The bottom line is that the continued drop in its stock price is indicative of RIM's future earnings brought to present and this perspective is validated by the company as the company has openly admitted that its business is deteriorating and will likely lose money for the second consecutive quarter in 2012. The two outside advisers were brought on board to assist the company's board to determine a way forward, particularly with regard to which parts of its business it needs to salvage and which parts to terminate. This comes after the news that RIM also hired bankers at J.P. Morgan Securities and RBC Capital to assist in a previously announced review of strategic options.
It was reported that J.P. Morgan and RBC were hired to assist the executives at evaluating "the relative merits and feasibility of various financial strategies, including opportunities to leverage the BlackBerry platform through partnerships, licensing opportunities and strategic business model alternatives." So, in light of this subsequent hirings of the two advisers, what appears to be happening is that RIM has already reached some determinations. The company also said there would be significant job losses in some parts of its business but did not provide the details of which of its businesses will be losing employees, and which parts will be getting more resources to shore up the marketing success of its upcoming BlackBerry 10 Dev Alpha device.
Interestingly, the BlackBerry 10 Dev Alpha device sports a modified version of the BlackBerry PlayBook OS, 4.2-inch touch screen, huge internal storage, non-removable battery, and two cameras; one front-facing without a flash, and a rear camera with a flash. The phone sports many aesthetic and functionality features as the Samsung Galaxy Nexus or the Apple iPhone 4S, but with its own modified version of the BlackBerry PlayBook OS. In a way, broadening its product line may be a good strategy in that RIM may be able to lure back customers that are used to the BlackBerry layout while providing the look, feel, and features of the modern form of smartphones.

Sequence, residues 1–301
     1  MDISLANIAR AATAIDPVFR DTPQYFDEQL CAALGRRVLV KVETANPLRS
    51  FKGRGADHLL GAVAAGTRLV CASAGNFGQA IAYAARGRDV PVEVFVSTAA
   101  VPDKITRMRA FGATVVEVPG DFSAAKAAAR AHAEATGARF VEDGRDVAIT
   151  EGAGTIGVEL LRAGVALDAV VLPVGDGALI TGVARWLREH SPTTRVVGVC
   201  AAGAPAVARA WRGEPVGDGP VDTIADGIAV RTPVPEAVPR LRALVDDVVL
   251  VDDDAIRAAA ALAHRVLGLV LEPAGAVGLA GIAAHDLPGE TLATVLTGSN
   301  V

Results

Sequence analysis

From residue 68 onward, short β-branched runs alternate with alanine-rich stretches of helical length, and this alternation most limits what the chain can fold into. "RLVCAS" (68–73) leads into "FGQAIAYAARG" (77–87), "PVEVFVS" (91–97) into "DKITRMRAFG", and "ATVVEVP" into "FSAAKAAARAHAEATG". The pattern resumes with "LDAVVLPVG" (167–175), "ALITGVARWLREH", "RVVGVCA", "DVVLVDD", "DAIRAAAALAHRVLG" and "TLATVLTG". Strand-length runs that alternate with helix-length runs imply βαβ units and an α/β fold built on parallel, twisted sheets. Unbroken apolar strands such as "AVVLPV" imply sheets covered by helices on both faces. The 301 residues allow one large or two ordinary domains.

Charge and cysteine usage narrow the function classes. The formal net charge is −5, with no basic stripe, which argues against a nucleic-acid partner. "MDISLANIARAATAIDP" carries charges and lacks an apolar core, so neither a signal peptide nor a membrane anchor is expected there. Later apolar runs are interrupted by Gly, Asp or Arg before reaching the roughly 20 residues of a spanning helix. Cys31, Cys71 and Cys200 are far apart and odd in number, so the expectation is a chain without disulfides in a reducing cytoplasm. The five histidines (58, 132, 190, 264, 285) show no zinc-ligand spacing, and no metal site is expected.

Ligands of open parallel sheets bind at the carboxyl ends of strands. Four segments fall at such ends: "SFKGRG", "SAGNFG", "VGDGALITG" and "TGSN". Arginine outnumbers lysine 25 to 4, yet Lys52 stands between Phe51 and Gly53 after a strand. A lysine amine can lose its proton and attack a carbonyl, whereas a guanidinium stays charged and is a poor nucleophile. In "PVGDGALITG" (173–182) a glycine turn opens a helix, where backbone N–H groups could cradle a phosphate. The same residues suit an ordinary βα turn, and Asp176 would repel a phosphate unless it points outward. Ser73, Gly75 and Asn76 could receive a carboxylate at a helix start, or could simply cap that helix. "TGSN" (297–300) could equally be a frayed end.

Frankly, RIM, in its efforts to deliver the BlackBerry 10 Dev Alpha device, tacitly acknowledges, like a lot aficionados have long known, that their once loved CrackBerry line of phones did not evolve with the times by providing to customers, what customers ought to have as phones, even before the customers knew what they ought to have as phones. The upshot is that revenues and profits may improve, and its declining market share could be reversed. Ever since Mr Heins took the reins from long time co-chief executives Mike Lazaridis and Jim Balsillie, both of who stepped down from management, RIM has been able to fully embrace the view that it needed to change course by undergoing a review of its strategic options. It should have done so long before this year. The Android and IOS phones have been rolling out for many years, so it's not like they didn't see some of this coming.
Question: Should RIM have jumped on the bandwagon of large-screen, touch-screen phones or diversified its line of products to include phones similar the Android or IOS platforms long before 2012?
 Chip Cummins. Prospects Dim for BlackBerry Maker. <http://online.wsj.com/article/SB10001424052702303674004577434682955555236.html>. May 30, 2012.
 Kevin Michaluk. BlackBerry 10 Dev Alpha Hands On!<http://crackberry.com/blackberry-10-dev-alpha-hands>. 1 May 2012.
Oh My Goodness, I think it's going to happen…an article title "RIM: Is it RIP?" <http://business.blogs.cnn.com/2012/06/29/rim-is-it-rip/?hpt=hp_c3>.